> Achievable – Create a step-by-step plan to accomplish what you want.
> Relevant – Does this goal fit within the bigger picture (wide-angle view) of what is most important to you?
> Time-bound – What is the timeline for accomplishing what you want?
Begin with the End in Mind means to begin each day or task with a clear understanding of your desired direction and destination. By keeping that end in mind you can make certain that whatever you do on any particular day does not violate the criteria you have defined as supremely important, and that each day of your life contributes in a meaningful way to the vision you have of your life as a whole.
Importance of setting Goal/End
The key to success is setting up goals. If you have a goal then you will strive to achieve it, you will be motivated, and focused. If you have a goal in front of you, you will know what you want to achieve, and why you want to achieve those things. Therefore, if you know your goal, stay focused, and you know the reasons for achieving the goal then you will successfully achieve your goal.
In work force there are 2 types of people:
First types of people are the ones who are working because they have to feed themselves and their family. These are the people who do not look forward, who do not look at the end, and who do not have goals. As far as their basic needs are filled they are happy. They do not have any goals and therefore do not strive to achieve them. In most cases these types of people will remain at the same position from where they started.
Second types of people are those who have ambitions, goals and they have the end in their mind. They are not satisfied with just feeding themselves and their family. They get satisfaction when they take a step forward to achieve their goal. They work hard and are intrinsically motivated. They are the employees who are successful and make the business successful because they have end/goal in their mind. They are most likely to get promotions in company very quickly. They will keep moving and will give their 100% to reach their destination/goal.
For Covey a personal mission statement is the key to effective decision-making. Through a series of thoughtful exercises, Covey leads the reader to identify what is truly important in his or her life. A personal mission statement answers two essential questions:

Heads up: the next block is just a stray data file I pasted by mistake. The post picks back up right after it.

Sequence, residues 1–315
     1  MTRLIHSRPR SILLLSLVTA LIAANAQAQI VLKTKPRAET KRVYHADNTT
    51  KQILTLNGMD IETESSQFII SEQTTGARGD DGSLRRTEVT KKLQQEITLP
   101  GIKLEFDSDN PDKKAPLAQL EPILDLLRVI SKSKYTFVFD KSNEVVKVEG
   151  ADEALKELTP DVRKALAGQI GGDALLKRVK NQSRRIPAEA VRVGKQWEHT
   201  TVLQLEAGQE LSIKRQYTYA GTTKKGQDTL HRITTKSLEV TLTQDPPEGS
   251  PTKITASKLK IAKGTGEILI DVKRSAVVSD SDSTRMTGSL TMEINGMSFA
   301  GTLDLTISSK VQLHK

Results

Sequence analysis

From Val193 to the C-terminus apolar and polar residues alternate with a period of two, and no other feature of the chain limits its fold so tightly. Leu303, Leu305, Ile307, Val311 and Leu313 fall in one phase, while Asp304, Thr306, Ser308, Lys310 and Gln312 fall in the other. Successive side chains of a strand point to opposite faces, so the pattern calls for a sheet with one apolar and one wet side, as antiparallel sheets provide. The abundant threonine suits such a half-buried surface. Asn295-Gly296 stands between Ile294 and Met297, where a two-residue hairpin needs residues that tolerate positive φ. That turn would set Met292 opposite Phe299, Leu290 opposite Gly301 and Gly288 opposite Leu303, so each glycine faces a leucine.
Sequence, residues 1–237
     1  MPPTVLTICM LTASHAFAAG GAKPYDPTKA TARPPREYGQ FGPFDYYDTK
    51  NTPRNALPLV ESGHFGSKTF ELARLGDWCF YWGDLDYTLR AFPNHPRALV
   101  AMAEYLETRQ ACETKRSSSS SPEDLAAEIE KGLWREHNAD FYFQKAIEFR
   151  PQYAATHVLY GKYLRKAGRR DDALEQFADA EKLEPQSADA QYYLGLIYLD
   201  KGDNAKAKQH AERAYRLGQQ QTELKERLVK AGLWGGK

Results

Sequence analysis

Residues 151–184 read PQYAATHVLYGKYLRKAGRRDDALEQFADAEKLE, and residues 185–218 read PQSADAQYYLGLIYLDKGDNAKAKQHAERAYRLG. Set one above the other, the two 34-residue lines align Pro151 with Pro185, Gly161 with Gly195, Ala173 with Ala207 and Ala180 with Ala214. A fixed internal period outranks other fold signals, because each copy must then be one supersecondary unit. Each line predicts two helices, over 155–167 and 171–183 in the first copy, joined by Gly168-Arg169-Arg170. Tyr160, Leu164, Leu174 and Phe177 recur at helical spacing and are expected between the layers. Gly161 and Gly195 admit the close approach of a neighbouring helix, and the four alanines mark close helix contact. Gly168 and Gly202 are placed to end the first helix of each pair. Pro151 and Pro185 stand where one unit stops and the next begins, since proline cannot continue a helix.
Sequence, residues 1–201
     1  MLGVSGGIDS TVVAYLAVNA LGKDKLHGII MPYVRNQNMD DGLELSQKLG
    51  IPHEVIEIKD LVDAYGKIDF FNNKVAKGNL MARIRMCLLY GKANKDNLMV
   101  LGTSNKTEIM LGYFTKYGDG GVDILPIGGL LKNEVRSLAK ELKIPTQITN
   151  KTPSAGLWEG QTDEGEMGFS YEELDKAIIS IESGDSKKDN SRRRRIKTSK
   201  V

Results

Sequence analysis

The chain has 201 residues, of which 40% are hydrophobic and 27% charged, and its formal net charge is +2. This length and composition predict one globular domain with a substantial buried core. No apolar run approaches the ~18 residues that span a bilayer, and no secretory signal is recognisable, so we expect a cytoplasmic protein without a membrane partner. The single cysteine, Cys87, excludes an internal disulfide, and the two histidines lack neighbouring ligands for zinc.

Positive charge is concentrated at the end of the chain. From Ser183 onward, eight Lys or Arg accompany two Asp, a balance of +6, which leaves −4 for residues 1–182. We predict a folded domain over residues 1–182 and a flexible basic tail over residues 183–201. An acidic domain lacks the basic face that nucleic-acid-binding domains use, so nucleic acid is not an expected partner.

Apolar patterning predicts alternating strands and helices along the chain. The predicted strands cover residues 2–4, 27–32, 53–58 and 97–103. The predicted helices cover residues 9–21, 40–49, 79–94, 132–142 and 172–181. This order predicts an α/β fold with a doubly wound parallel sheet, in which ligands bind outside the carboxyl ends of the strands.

> What am I about?
> Upon what principles do I operate my life?
A person without such a mission, Covey writes “fluctuates from one center to another, the resulting relativism is like roller coasting through life. One moment you’re high, the next moment you’re low…There is no consistent sense of direction, no persistent wisdom, no steady power supply or sense of personal, intrinsic worth and identity.
“The ideal, of course, is to create one clear center from which you consistently derive a high degree of security, guidance, wisdom and power, empowering your proactively and giving congruency and harmony to every part of your life.”
Similarly, we believe it is important for every aspect of life, in a reflective and thoughtful way, to develop a mission statement. Imagine the rich conversation and the benefit to all of the people of the world if get to answer: 1) What is my life all about? and 2) Upon what principles do I operate? Mission statements, along with a set of goals, allow stating exactly what it desires for everyone -i.e., to define the ends toward which everyone is collectively striving.
Searching for synergy and focus, one may want to encourage family, teachers, parents, community members, and themselves to help develop a certain mission statement. In this way everyone can “begin with the end in mind.”
Typically, many people are successful managers-of their own lives, of their farms, of their homes, of their work or business interests-and it is often difficult to move from the tried and true management approach to the leadership function. Jesse Jackson is quoted as saying:
“We do best what we do most.”
It is difficult to step up to leadership issues when our comfort zone is in the management arena. Shifting the focus from the means (what we do most) to ends is tough work.